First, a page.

PSYB21_March 22.docx

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31 Mar 2012
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PSYB21 March 22, 2012
Future teachers need to know about children’s peer relations because:
- help know influences of childrens
- in general, high achieving students and low achieving students usually hang
out within each other
o high + high, low + low
- children with positive social skilss generally have little difficulty making
friends, but children wih poor social skills might be socially rejected
- children with positive social skills tend ot be more successful in school
- school is a place to practice social skills
Role of peers in development
- peer: A child of equal age or maturity
Peers provide:
- opportunity for play and exploring new roles
o ex. what is it like to be a leader, to try what others suggested
- opportunity for learning and practicing social skills
- emotional and social support
- information about behavioural norms and expectations
- opportunity to develop close relationships
- an important role in forstering school engagement, motivation, and
achievement
o kids who hang out together influence one another positively and
negatively and achieve similar academic levels
Popularity, rejection and neglect
- popular children tend to be friendly, helpful, good-natured, cooperative,
sensitive, do well in school, obey riles
- other rejected children may not be aggressive but may simply be
withdrawn and submissive
o peer rejection has been linked to academic difficulties and dropout
- some children are neither popular nor rejected but are neglected: shy,
socially withdrawn, and pretty much ignored
o children who are neglected tend to look less happy
- it is important for educators to know that schools now have a legal
responsibility to protect lesbian, gay, and bisexual youth from sexual
harassment
How can teachers enhance peer relations?
- very young children: through play
o in play kids learn to take perspectives, follow/lead, express emotions,
build relationships, solve conflicts
kinda takes on skills that they’ll take in real life
- elementary/secondary school: collaborative learning opportunities
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- neglected and rejected children may sometimes benefit from social skills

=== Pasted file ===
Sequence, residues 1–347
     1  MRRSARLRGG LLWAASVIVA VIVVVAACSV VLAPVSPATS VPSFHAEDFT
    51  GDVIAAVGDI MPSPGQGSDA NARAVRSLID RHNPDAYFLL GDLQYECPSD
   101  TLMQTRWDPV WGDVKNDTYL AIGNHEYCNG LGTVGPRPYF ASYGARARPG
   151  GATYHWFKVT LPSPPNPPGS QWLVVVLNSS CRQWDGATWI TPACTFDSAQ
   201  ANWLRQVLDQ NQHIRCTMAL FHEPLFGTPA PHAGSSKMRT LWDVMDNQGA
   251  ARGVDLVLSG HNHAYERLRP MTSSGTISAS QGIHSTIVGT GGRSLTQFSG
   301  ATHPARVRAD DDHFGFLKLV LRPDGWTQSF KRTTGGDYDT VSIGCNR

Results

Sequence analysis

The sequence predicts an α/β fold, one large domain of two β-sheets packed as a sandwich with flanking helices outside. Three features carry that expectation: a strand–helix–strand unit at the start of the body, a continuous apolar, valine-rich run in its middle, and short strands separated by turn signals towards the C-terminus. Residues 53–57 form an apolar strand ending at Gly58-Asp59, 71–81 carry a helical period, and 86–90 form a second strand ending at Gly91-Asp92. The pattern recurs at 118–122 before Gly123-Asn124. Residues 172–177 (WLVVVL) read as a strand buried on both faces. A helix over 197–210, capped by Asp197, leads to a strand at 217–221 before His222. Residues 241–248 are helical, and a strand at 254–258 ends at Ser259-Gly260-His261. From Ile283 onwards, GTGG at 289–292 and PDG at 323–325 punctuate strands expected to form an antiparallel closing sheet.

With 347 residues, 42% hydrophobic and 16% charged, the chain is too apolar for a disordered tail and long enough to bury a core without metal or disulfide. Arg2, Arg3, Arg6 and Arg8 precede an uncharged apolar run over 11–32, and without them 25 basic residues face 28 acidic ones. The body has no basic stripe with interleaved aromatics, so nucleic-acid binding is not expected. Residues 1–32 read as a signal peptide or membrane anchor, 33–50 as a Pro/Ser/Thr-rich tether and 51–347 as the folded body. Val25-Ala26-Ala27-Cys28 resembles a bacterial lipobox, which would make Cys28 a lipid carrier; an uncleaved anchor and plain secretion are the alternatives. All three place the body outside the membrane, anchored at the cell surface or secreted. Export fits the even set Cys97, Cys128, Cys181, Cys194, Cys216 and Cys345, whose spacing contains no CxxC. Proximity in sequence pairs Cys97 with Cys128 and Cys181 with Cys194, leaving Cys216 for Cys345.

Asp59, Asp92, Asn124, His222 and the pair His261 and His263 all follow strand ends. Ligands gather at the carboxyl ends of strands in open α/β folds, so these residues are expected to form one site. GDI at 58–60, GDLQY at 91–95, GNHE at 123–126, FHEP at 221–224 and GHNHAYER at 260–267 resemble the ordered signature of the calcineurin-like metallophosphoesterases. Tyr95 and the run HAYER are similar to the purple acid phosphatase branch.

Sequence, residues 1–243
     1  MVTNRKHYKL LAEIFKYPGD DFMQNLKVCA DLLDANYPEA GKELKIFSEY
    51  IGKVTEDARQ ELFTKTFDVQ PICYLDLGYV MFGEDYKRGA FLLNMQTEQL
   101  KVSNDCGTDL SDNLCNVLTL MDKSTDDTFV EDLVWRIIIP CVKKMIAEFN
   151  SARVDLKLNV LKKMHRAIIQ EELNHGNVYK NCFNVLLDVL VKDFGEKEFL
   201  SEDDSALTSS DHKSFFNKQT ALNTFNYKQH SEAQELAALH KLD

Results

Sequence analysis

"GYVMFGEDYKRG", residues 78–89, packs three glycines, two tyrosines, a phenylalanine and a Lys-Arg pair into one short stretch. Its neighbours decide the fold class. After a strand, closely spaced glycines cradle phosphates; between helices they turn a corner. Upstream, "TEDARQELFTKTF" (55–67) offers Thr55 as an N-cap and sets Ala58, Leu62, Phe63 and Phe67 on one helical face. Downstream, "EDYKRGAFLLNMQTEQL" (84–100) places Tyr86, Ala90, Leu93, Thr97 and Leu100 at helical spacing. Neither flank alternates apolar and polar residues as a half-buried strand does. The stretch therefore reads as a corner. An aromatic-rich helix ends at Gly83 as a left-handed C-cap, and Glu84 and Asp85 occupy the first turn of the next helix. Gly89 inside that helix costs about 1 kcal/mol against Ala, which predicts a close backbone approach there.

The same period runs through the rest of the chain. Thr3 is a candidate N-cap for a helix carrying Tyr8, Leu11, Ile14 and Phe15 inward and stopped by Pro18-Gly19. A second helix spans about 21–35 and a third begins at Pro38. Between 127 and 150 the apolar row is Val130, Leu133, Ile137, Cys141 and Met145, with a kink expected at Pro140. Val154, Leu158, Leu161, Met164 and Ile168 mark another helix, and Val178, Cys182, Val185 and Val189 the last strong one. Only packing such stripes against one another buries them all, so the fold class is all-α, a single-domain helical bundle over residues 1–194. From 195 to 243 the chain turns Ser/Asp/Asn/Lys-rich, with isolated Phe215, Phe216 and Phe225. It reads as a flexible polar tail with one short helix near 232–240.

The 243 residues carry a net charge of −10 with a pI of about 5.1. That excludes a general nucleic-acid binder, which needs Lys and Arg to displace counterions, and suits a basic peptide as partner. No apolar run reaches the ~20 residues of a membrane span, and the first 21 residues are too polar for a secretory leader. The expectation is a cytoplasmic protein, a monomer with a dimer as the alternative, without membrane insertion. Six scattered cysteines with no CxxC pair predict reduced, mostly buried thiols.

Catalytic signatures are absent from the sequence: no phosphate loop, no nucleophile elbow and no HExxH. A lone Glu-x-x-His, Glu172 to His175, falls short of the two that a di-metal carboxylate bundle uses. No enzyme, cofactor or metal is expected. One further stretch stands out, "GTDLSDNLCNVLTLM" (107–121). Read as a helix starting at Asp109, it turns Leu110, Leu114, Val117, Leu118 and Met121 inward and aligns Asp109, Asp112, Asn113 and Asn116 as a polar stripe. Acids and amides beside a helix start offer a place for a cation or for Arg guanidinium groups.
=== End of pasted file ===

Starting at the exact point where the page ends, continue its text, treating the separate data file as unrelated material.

training program
Cooperative learning activities
- cooperative learning:
o everyone has a role in the group
o teaching students how to work together
o For cooperative learning activities to work well, there needs to be:
Interdependence and a shared goal
Individual and group accountability
Everyone is responsible for the work
Building interpersonal and small group skills
Teacher teaches how to work together
Group processes
If students are working for a long time together, teacher
stops midway to “check up” back on the group and
seeing how they are doing together
Are they doing what they’re suppose to do? , etc
- group work:
o already lerned sometime + working together
o more like put students into a group and just say “go”
- teachers must assign roles for people so there won’t be no “by-stander effect”
where if theres many people in the group no one will slack of and say “oh
that person can do it”
Aggression
- Aggression is behaviour that is intentionally aimed at harming or injuring
another person
- Not all aggression is violent in nature
- Children who are aggressive in the early years tend to continue to be
aggressive
o Last throughout life if children are not dealt with their aggression
- Childhood aggression is predictive of other behaviour problems, such as
poor academic achievement, peer pressure, drugs, alcohol, etc
Potential causes of aggression
- genes
- family backgrounds
o family living under stressful situations
- models of aggression
o modeling is really powerful
o can happen at a very short period of time (short exposure)
- difficulty processing social situations
- the media
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